Beware of working from home. Even though you can stay connected with the office through email, Skype, and texts, your boss may still think you're slacking off.

It turns out, face time on the job really does matter. That's according to a study conducted for MIT by business school professors. Basically, the perception of employees who worked remotely was that they weren't really working - no matter how many assignments they turned in or how quickly they got their work done.

The researchers looked at what's called "passive face time," which is simply time spent in the workplace regardless of whether a person is actually working or just reading the latest gossip on TMZ. And the perception is - just by virtue of being on the property or sitting at their desk - those on-site workers were rated as more "responsible, dependable, committed and dedicated." Those were the actual words bosses used to describe on-site workers. And they were thought of more highly of than workers who simply weren't physically present. And those unspoken perceptions came out during employee evaluations. Bosses rated the employees who were in the office as better performers, whether they really were or not. And that can make a big difference when it comes to pay and promotions.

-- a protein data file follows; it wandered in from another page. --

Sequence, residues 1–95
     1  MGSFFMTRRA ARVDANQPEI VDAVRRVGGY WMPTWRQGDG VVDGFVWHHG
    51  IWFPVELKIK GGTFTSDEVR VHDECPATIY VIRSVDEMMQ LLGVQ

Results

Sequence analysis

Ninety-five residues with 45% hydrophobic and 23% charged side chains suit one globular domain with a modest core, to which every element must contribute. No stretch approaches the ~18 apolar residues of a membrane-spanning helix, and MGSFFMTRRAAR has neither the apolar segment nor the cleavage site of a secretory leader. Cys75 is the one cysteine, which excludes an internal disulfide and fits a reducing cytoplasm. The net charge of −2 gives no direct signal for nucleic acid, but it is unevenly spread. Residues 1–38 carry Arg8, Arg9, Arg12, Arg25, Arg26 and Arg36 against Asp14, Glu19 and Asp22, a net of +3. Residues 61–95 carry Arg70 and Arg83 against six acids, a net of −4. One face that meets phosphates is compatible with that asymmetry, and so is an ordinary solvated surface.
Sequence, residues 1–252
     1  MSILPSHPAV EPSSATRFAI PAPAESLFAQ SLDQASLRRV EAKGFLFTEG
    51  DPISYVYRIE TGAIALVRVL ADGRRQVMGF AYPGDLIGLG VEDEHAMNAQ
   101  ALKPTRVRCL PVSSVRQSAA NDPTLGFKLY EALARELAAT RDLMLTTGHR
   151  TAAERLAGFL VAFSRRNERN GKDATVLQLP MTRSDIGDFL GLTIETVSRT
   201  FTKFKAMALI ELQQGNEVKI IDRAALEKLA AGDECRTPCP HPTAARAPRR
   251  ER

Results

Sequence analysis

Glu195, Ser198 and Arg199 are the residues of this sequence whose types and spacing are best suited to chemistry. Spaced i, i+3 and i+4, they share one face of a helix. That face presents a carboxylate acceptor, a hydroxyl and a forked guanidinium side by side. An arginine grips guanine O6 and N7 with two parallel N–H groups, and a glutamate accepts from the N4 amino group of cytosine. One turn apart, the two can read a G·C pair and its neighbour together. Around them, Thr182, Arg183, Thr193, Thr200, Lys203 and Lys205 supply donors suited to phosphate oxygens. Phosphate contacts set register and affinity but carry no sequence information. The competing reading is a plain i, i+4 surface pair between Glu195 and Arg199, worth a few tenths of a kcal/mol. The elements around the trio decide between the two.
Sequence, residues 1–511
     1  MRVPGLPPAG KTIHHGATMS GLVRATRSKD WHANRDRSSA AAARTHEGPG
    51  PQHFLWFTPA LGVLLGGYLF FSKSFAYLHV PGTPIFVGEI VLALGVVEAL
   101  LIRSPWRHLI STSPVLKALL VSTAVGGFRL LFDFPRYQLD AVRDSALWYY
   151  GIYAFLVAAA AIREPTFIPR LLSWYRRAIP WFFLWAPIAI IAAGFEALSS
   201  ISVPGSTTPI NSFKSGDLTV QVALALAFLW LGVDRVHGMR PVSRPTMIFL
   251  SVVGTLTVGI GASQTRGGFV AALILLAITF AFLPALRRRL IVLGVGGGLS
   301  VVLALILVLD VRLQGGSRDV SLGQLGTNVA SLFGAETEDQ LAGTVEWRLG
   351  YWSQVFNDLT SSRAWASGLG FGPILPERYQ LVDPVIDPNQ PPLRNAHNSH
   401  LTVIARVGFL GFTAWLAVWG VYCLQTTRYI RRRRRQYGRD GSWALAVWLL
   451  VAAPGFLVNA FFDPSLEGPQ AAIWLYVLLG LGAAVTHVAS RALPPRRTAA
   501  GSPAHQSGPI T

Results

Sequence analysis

So what can you do if you're one of the growing number of employees who works remotely? Make your presence felt. Be the first person to email the boss in the morning or send in your latest report at midnight, so the boss can see you're always on it. And when it comes to evaluation time, come in with facts - you racked up this many sales, you signed up this many clients, you increased production by "X" amount. That way, even if your boss is secretly biased because you work from the comfort of your couch, he or she can't argue with the facts.